THE RIBBED BOOT.

PLATE 21. FIG. 31.

Set on twenty stitches on each of the three pins,

Knit a square,

Put thirty stitches on one pin, and the remaining thirty on another pin,
Continue knitting the thirty stitches on the pin for the instep, towards the toe, which is generally

about two squares,

Then narrow at each end till but five stitches remain on the pin, then fasten off;
Next, take the other thirty stitches, and knit a square for the heel and fasten off;
Knit two gores to put in between the front and heel on each side, for which purpose,
Set on twenty stitches, and narrow at the beginning of every other row till it ends in a point,
Set in the gores,
Next, make a sole by setting on fourteen stitches, or any number, according to the width of the
foot. Knit it straight along, till of a sufficient length,
Sew the sole upon the boot, and the whole is complete.
This boot is generally ribbed by knitting two stitches and turning two.

THE OVER SHOE.
PLATE 21. FIG. 32.

This is very convenient to slip over a satin shoe, or as a house shoe. Set on thirty-four stitches. Knit a plain square, double it, and sew it up one side to form the heel; sew up about three inches to form the instep, and pucker in the end for the toe.

THE SNOW HEEL.
PLATE 21. FIG. 33.

This is very useful in slippery weather for persons to put over their shoe or boot heels, to prevent their falling. It is particularly good for old people and children. Set on sixty-six stitches on one pin, Knit five ribs, Finish off four stitches on each side, and continue knitting the middle part, Knit fourteen ribs, Knit twenty-five stitches, then narrow ; knit six, again narrow, and then knit the remainder. Continue narrowing every alternate row twice in the row, reducing the six centre stitches every time, so that at the sixth narrowing there are none of them left. Fasten off.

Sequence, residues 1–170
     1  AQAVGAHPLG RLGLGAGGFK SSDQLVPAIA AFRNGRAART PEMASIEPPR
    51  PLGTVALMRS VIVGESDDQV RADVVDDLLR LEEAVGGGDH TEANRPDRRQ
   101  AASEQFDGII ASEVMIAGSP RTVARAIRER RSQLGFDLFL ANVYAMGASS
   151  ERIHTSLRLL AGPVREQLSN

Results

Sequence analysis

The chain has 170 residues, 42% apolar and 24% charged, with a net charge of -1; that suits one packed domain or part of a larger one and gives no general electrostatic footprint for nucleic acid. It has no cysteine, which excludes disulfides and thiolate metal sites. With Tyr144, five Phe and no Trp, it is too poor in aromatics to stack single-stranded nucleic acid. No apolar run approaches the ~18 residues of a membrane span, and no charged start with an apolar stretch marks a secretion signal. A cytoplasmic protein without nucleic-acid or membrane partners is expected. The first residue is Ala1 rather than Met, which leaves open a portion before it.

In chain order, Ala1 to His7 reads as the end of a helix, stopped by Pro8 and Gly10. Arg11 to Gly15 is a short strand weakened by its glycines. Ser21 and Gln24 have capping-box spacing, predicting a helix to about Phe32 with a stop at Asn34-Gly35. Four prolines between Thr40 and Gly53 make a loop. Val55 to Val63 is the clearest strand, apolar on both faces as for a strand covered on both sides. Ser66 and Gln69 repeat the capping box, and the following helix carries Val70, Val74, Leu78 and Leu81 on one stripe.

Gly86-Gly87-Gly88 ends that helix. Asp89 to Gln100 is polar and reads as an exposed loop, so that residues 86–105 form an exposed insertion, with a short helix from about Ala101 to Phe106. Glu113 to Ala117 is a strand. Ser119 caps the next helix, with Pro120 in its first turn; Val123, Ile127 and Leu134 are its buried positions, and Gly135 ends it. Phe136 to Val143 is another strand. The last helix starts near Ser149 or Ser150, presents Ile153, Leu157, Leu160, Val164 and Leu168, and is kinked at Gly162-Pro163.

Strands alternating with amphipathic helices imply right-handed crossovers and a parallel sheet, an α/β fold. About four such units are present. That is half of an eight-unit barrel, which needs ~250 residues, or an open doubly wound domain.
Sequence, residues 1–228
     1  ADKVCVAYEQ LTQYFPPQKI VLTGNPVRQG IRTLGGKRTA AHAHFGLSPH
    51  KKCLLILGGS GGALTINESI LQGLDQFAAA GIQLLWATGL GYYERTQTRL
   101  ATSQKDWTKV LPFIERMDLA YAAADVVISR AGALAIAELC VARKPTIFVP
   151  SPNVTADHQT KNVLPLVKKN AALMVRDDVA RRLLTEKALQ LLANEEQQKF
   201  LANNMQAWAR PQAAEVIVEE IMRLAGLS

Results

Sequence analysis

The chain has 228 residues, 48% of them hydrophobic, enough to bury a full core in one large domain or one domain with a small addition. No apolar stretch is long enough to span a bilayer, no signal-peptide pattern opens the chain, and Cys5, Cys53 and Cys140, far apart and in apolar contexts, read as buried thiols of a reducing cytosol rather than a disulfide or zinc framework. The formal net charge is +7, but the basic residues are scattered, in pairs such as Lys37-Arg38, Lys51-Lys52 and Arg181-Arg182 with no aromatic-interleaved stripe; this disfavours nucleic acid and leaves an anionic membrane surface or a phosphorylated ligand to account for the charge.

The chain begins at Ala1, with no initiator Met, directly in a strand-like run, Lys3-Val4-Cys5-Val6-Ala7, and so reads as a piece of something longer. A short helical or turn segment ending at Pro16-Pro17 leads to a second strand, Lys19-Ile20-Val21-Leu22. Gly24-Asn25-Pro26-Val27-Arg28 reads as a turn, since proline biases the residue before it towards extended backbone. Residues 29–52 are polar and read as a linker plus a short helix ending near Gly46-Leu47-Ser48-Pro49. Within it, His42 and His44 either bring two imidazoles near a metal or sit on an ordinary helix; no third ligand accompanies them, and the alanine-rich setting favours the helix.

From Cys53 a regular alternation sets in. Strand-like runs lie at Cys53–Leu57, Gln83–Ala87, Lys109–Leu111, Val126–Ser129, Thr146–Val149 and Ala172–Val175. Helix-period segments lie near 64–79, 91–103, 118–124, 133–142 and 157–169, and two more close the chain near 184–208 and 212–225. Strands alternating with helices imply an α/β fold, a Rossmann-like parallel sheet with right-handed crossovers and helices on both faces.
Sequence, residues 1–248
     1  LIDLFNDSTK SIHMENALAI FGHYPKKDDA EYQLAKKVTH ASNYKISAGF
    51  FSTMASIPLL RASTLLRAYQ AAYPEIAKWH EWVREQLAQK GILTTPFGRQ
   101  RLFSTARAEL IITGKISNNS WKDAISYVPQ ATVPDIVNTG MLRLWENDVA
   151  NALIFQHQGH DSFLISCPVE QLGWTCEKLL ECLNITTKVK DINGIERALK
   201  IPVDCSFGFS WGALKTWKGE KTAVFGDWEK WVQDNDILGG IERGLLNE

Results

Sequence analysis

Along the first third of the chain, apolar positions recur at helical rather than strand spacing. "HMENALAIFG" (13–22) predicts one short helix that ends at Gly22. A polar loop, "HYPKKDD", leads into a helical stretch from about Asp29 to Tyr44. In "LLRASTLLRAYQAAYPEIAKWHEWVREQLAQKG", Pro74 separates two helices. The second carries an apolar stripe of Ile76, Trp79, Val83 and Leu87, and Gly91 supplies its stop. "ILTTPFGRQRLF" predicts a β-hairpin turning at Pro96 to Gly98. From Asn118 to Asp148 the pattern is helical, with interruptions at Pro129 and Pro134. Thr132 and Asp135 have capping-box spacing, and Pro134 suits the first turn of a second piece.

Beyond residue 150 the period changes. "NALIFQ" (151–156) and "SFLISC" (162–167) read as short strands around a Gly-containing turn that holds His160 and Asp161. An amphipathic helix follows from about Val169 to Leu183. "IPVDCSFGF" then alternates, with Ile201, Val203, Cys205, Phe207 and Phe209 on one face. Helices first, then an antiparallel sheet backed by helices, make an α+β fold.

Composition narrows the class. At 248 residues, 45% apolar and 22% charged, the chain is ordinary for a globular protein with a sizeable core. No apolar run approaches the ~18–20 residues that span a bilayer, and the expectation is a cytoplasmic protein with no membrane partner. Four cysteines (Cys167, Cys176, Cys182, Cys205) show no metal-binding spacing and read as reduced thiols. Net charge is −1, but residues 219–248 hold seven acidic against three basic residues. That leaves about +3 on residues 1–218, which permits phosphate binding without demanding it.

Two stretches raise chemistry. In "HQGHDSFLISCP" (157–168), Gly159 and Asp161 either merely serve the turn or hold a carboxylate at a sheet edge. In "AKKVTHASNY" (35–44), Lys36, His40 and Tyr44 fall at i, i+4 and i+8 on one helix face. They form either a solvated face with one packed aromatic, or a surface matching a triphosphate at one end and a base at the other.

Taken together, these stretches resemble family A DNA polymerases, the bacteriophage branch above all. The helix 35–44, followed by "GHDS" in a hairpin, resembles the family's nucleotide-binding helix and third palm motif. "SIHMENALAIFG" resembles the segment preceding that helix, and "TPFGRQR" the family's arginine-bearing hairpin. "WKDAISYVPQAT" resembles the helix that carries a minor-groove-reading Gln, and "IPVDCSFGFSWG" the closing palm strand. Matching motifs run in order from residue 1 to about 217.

LITTLE NIGHT BOOTS.
PLATE 21. FIG. 34.

These are made by knitting a piece of six nails long, and a nail and a half or more deep. This, when fastened at the ends, is sewed to a sole, which is made by knitting an oval piece. For this sole, set on about six stitches and knit on, widening at both ends, till about fifteen stitches are upon the pin; continue knitting till nearly of the proper length, and then begin narrowing down to the six stitches again. Fasten off. The sides of the boot are generally ornamented by knitting four rows of garter stitch of one colour, and then four rows of stocking stitch of another, and so on throughout. About thirty stitches may be set on the pin.

A VERY PRETTY OWER SHOE.
PLATE 21. FIG. 35.

Set on thirty-six stitches on each of three pins;

Knit one plain round, after which knit fifty rows (more or less, according to pleasure) in the welt of three, by which means it is ribbed up and elastic, and will fit almost any person's foot.

If for a child of five or six years old, set on eighteen stitches to each pin.

SOCKS FOR INVALIDS, OR THOSE WHO HAVE COLD FEET.

These are very useful for those who have cold feet, either to wear in bed, or slip over the stockings when dressing; and as they set quite close to the foot and ankle, they give a great deal of warmth.

They are best made of floss wool of five or six threads, and about two and a half ounces of wool is sufficient for each pair. Whalebone or wooden pins are used; they should not be very thick, considerably less than a drawing pencil.

For women's full sized socks cast on thirty-six stitches on three needles, and knit ten plain rows, then turn the first stitch of the next row ; after this, for the thirty following rows, narrow thus—the two last loops of the last needle must be knit as one; turn the first loop of the next row, and take the two next loops off at once, taking hold of the loops at the back instead of in the usual way. After this you begin to welt, and the depth of the welting is regulated by fancy.

VERY PRETTY KNIT Boots,
PLATE 21. FIG. 36,

Commonly called Derby jail boots, at which place the female prisoners are employed in making them. SCALE FOR KNIT BOOTS.

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Loops set on one pin......... • - - - - - - - - - - - - - - - - - - - - - - - - - - - • * | 1.4 16 18 22 24 26